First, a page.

NSW bakery confronted with potential $49500 fine

Posted by Isobel Drake on 10th July 2009

The federal workplace watchdog has launched a prosecution against a Newcastle bakery, alleging it failed to keep proper time-and-wages records for four former employees who claimed they had been underpaid.Under workplace law, employers must maintain time-and-wages records relating to employees and former employees and provide the records to workplace inspectors on request.

In documents lodged in the Chief Industrial Magistrate’s Court in Sydney, the Fair Work Ombudsman alleges that Newcastle Bakehouse did not make or keep records with sufficient details to allow Fair Work inspectors to determine whether four former employees had been paid their full entitlements.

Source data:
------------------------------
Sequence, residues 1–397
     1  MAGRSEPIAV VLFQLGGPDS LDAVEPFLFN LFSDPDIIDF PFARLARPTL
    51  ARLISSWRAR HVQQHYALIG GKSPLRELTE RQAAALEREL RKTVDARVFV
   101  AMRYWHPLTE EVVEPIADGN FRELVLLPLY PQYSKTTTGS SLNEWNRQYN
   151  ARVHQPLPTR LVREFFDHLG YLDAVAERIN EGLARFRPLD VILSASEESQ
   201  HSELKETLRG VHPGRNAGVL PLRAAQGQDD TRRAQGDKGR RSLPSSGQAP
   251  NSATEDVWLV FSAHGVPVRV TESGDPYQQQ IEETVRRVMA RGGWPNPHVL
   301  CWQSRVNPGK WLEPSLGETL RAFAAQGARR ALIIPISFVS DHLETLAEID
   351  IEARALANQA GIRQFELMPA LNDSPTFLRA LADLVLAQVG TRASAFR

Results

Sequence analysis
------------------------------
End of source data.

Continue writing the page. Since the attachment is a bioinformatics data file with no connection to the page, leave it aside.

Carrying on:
The prosecution documents also allege that Newcastle Bakehouse failed to comply with a requirement to issue the former employees payslips containing basic information within one day of payment of their wages.

The ex-staff – one male apprentice baker and three female customer service workers – finished their employment with Newcastle Bakehouse between August 2008 and February this year.

Fair Work Ombudsman Executive Director Michael Campbell says workplace inspectors requested the records of the four former employees after they complained they had been underpaid.

Mr Campbell said it is alleged that Newcastle Bakehouse committed nine contraventions of workplace law.

The maximum potential penalty per contravention is $5500.

Workers and employers alike can contact the FWO Infoline on 13 13 94 or visit www.fwo.gov.au for assistance.